• Store Exabytes (Petaytes)Huge compression ratio (80% compression)Cheap storage (~ 10 cents/month)MTTF rate (High failure 0.88%)Distributed Storage Storage over Software defined networkingRrecent independent studies from Google and Carnegie Mellon University have concluded that disk drive failure rates are considerably higher than the rates reported by disk drive manufacturers. But, it turns out, many users may not care.At a Usenix conference in San Jose, CA, this past February, Google released its study, which found an 8% annual failure rate for drives in service for two years. That's one out of every 12 drives.Manufacturers claim the mean time to failure (MTTF) of Fibre Channel (FC) and SATA drives ranges between 1,000,000 and 1,500,000 hours, suggesting a normal annual failure rate of 0.88%."Typically, this problem does not hit home for me because vendor support contracts offset the cost associated with the drive replacements," says Earl Hartsell, senior IT analyst at Solvay Pharmaceuticals, Marietta, GA. "It would take a relatively large increase in support costs for this problem to become a pain point."Similarly, Mark Holt, information technology specialist at Media General in Richmond, VA, says failure rates help manufacturers control support costs, but don't mean much to users. "We have very little interest in that magic number," says Holt. "The complexity of systems means a failure generally isn't worth chasing down; we only want to know if the vendor or supplier is going to be there quickly when we do lose a drive, for whatever reason."Carnegie Mellon's study of approximately 100,000 consumer and enterprise drives
  • Big data trends_problems_v2

    1. 1. Nov 05, 2012
    2. 2. Size of allInternet data 2020 Size of allInternet data 2011
    3. 3. Size of allInternet data 2020 Size of allInternet data 2011 70% Packaged Goods Media
    4. 4. a future view…… 90%UGC/Sensor
    5. 5. User Generated Content (UGC) Source - DOMO
    6. 6. what will enable growth of usergenerated content?
    7. 7. some enablingtechnologies…….
    8. 8.  network bandwidth cheap storage cheap compute power user friendly devices
    9. 9.  software defined network google fiber innovations related to:- Switches Routers Packets size compressions
    10. 10. • cheap storage - a forcing function• storage companies provide freestorage• in return, they have access to userdata• raw data is turned into boutique data• sold at premium to interestedcompanies and advertisers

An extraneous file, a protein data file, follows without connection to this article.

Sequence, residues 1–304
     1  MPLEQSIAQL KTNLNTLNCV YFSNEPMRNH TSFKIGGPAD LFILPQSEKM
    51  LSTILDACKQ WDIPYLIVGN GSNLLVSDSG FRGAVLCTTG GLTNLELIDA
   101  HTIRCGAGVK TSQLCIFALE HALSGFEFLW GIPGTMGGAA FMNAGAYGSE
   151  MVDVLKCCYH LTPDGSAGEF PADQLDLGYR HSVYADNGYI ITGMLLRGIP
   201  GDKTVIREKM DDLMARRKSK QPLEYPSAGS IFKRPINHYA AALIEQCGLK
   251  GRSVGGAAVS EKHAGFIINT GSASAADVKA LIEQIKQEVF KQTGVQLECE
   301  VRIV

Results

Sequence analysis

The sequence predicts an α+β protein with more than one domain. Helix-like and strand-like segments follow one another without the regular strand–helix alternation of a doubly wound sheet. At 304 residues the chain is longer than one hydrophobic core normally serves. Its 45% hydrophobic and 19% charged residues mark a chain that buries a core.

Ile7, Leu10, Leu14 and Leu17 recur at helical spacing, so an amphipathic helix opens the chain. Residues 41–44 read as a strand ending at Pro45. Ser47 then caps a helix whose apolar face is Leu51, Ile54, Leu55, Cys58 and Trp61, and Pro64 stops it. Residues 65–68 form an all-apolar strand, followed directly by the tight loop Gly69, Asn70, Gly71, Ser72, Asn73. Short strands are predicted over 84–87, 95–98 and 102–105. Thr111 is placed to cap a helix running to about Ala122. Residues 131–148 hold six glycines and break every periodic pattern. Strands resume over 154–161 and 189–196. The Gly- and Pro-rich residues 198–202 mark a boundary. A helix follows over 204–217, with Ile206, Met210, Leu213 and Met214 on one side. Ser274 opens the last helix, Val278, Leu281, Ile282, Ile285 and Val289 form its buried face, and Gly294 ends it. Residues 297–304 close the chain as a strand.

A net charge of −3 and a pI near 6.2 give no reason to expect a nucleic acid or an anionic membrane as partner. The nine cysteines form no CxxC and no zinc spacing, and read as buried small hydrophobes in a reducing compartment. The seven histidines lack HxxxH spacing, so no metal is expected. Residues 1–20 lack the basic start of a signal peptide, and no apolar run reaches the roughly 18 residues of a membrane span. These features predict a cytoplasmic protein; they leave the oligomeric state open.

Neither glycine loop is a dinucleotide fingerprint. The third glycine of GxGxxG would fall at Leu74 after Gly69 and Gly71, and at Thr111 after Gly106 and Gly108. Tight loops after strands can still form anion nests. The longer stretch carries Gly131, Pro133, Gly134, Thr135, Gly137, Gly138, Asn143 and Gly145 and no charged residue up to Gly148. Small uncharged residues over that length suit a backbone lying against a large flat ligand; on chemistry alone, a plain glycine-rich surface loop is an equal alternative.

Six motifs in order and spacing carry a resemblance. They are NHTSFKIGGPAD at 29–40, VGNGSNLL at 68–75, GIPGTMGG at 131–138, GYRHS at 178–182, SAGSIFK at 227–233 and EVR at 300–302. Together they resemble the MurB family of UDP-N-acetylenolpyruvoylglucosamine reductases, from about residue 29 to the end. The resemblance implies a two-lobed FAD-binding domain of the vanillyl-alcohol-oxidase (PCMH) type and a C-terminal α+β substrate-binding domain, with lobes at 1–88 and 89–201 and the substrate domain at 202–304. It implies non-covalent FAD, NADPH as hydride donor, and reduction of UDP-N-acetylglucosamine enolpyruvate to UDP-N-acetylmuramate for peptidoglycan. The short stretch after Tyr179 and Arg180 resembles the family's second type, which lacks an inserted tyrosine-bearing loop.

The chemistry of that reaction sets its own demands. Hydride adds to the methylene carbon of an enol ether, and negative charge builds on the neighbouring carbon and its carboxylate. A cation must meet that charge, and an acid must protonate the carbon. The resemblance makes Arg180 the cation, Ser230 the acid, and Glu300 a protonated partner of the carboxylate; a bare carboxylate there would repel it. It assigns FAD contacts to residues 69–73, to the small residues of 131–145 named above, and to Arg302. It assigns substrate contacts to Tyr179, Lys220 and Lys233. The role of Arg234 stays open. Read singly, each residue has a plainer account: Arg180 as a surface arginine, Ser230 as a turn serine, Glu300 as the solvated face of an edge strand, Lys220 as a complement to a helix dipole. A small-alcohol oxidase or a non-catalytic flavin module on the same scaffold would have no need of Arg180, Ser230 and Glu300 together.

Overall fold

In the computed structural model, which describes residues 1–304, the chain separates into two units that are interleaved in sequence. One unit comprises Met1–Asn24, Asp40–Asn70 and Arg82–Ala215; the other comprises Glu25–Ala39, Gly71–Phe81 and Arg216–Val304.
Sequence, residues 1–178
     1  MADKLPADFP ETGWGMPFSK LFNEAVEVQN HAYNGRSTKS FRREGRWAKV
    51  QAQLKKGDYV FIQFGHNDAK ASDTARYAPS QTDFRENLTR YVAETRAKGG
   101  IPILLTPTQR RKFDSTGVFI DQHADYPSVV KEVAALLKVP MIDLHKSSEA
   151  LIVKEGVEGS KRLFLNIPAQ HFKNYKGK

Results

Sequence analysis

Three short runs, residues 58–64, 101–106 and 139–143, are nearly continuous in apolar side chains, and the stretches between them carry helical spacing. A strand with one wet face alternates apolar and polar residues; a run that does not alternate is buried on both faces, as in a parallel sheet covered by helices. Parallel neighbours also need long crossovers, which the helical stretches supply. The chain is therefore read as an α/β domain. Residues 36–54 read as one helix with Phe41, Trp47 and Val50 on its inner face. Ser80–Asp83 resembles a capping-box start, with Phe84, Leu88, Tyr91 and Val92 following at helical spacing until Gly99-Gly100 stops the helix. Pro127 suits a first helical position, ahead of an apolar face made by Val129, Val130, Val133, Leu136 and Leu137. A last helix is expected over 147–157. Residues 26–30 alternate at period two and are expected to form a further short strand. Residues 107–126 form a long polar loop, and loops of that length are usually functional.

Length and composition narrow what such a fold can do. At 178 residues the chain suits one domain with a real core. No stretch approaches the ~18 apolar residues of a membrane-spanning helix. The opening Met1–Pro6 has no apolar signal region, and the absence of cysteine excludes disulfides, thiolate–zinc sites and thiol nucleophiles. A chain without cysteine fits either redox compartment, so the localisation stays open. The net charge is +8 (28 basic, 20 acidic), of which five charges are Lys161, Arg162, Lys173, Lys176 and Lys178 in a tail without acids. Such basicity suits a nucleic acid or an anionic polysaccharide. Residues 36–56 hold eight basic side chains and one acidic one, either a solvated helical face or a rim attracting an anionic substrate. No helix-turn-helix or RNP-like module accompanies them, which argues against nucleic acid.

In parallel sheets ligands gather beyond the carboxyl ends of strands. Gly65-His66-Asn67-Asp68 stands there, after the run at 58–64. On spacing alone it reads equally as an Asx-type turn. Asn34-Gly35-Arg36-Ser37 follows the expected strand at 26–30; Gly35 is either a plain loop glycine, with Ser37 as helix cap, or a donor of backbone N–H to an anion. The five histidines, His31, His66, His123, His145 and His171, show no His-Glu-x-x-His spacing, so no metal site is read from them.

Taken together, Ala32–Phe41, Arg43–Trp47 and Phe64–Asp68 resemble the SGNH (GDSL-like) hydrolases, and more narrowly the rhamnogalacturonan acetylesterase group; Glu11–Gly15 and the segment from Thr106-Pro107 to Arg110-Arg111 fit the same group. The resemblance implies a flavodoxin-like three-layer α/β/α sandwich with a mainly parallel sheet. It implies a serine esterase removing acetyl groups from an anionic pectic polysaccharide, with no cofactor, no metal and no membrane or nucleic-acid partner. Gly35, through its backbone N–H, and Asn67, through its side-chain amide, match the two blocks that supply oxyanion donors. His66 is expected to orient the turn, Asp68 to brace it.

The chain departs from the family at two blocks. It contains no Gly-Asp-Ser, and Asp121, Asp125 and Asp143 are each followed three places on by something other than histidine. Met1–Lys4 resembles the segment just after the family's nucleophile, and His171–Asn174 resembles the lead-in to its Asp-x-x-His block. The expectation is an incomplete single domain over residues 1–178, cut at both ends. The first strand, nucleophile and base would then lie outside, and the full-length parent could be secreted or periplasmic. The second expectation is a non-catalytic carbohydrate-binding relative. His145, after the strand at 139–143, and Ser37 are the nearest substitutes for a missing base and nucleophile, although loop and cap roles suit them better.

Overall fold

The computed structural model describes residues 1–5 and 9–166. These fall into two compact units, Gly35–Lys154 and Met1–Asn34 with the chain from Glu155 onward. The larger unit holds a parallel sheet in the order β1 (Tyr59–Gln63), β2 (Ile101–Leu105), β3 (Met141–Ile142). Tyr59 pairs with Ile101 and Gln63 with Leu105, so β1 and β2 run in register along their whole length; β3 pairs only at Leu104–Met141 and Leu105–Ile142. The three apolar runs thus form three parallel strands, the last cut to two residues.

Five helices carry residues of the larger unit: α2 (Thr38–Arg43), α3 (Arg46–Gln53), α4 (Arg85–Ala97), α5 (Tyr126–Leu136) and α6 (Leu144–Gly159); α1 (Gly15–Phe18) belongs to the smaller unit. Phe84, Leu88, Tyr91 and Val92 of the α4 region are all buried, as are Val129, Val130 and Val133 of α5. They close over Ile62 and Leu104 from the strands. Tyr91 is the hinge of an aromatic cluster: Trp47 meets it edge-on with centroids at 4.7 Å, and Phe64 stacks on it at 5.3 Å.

11. 11. • Innovations on rack space• cheap, baremetal hardware• lowers TCO of servers• operational tasks become easier• allows companies to offer cloud
    12. 12.  buttons free WYSIWYS(tore) connectivity – most importantand a “given” tendency to track family
    13. 13.  10 TB of Data/Engine/30 minutes 6 hour flight from NY to LA for Twin Engine737 = 240 TB of Data/flight 28,537 Airliners in US Skies/day 6.5 Exabytes (6688 Petabytes/day)
    14. 14. “……..within the next five years, sensordata will hit the crossover point withunstructured data generated by socialmedia. From there, the sensor data willdominate by factors 10-to-20 times that ofsocial media…… ” - Stephen Brobst, CTO, Teradata
    15. 15. Pic –• ~225 million seventh-generation game consoles sold worldwide by early 2012• ~700 million Wii games,• 425 million PlayStation 3 games• 600 million Xbox 360 games.
    16. 16. GPS data Innovations in Transportation Applications Multiple sources: •Computers Embedded in Vehicle •In-vehicle navigation systems •Drivers’ cell phones. •Communication networks •Third-party data like weather •TrafficPic –
    17. 17. • roads with sensors• determine traffic patterns• sustainable ways to routetraffic• generate data for:- • law enforcement • transportation • insurance companies • medical agencies* INTRO – INTelligent ROads – a project of European Commission
    18. 18. • curated content• mashed content (pinterest like)• blogs• videos (own shows, personal videos,etc)• pics• collaboration – emails/IMs/ “Likes” etc• microblogs (twitter like)
    19. 19. Pic source –
    20. 20. 3 V’s* • volume • velocity • variety* coined by Doug Laney of Gartner Inc
    21. 21. 3 I’s• immediate – do something now!!• intimidating – what if you don’t?• ill-defined – what is it, anyway - Vance Loiselle, CEO, Sumo Logic
    22. 22. • near real time• new data sources• mobile• immediately actionable• big• agile• core of business
    23. 23. • data scientists lead the “Data Orchestra”• developers/product mgrs/DBAs/Ops willmerge• Data Techs will emerge• “behavior”, “intent” and “thought” targeting• hourly trends will be considered “Jurassic”old
    24. 24. problems….
    25. 25. • store Exabytes (Petabytes)• huge compression ratio (80% compression)• cheap storage (~ 10 cents/GB/month)• MTTF rate (High failure 8%)• distributed storage• storage over software defined networking• read compressed data• ETL
    26. 26. • servers and storage merge?• special CPUs to handle compression?• encryption?• better cpu• bus speed
    27. 27. • understand data• analytical skills• discover new ways of looking at data• new containers for data warehousesincldg data warehouses on cloud• backup and recovery (should not bean issue)